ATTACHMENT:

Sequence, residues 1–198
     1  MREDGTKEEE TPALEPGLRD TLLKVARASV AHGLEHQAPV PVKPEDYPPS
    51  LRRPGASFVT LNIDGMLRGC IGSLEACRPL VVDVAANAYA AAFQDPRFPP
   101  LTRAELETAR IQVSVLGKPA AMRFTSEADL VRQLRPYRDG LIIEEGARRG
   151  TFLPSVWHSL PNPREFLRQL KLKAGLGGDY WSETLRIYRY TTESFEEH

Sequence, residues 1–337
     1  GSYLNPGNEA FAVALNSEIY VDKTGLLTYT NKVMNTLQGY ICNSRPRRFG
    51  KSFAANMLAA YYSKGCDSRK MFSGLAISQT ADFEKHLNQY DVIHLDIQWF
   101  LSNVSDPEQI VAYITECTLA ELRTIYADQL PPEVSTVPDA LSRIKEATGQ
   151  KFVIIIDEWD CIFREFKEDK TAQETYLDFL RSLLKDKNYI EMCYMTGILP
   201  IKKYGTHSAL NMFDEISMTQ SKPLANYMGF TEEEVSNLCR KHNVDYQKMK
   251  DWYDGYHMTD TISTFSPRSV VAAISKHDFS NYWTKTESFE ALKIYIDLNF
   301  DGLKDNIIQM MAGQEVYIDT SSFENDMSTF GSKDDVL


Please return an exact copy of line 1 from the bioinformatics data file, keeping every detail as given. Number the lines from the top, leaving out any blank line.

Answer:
Sequence, residues 1–198